Only 3-in-10 Americans are financially healthy, according to a study done by the Center for Financial Services Innovation (CFSI). How can people improve their financial fitness? The solution may be as simple as more personal finance education. After all, research from GuideVine shows 55% of Americans don’t feel confident about their long-term financial plans.
Think your financial plans are solid? Then take this financial literacy test. Most Americans fail it. See what you know and what you don’t. By the end of this quiz, you should have a better understanding of how to manage your finances.
First, let’s start off with a workable definition of financial literacy, or one’s capacity to understand and use financial management skills. Financial management skills include budgeting, investing, and debt management. By boosting your financial literacy, you can become more self-sufficient and financially secure. Who doesn’t want that?
Now, let’s get to the fun part: the financial literacy test most Americans fail.
For this financial literacy test, we’ve selected five important questions that the majority of Americans get wrong. We’ll also put each answer after the question. A glossary of definitions is included, as well as expert recommendations for managing different aspects of your finances.
a. 1–2 months
b. 3–6 months
c. 0 months
d. 9 months
The correct answer is B.
Your emergency fund should cover you for 3–6 months.
Most Americans don’t get this question right. But it’s one they certainly should know the answer to based on life experiences. An emergency fund ensures you don’t have to incur debt when the unexpected happens, like the loss of your job due to the current COVID-19 pandemic. Ideally, you should have more than 6 months worth of savings to live on while you get back on your feet and find a new job. You should be able to easily access these savings as well.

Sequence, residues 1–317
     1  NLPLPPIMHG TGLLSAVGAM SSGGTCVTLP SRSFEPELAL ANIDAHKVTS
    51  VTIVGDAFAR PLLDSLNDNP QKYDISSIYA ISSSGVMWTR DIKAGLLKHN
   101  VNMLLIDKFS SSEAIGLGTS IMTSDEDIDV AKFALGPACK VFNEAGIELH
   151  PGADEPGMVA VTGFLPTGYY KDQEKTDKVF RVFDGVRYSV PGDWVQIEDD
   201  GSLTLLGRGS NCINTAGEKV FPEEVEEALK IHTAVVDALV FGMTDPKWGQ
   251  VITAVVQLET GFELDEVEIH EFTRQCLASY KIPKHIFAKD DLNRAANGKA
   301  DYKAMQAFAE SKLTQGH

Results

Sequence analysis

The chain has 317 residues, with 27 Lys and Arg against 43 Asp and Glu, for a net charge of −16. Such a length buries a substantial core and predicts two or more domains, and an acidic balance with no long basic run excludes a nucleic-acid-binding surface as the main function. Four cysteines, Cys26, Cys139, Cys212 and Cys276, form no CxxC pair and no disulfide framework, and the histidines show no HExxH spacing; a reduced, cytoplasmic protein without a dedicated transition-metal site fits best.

a. The 3-year auto loan will have lower monthly payments
b. The 3-year auto loan can be paid off quicker, though you’ll pay more in interest fees
c. You’ll pay less in interest fees with the 3-year loan
d. The payments will be easier with a 3-year loan
e. Both B and D
The correct answer is C.
If you have the option for a three-year auto loan instead of a five-year loan, it can make sense to opt for the three-year loan. In addition to paying less in interest fees (because you pay more off the principal each month), a shorter loan term has other advantages, including:
The ability to pay off your loan more quickly
The potential for a lower interest rate
The potential for a lower interest rate is noteworthy, especially if you’re applying for an auto loan or mortgage. For example, 15-year mortgages have lower interest rates on average than 30-year mortgages. That can save you hundreds of dollars per year, if not thousands. Opting for the shortest possible term isn’t the best option for everyone, though. A shorter term may not be your best choice if:
The monthly payment will make your budget tighter than you want.
You can get a good rate on a longer term loan anyway.
You wish to save money for other important things, such as retirement.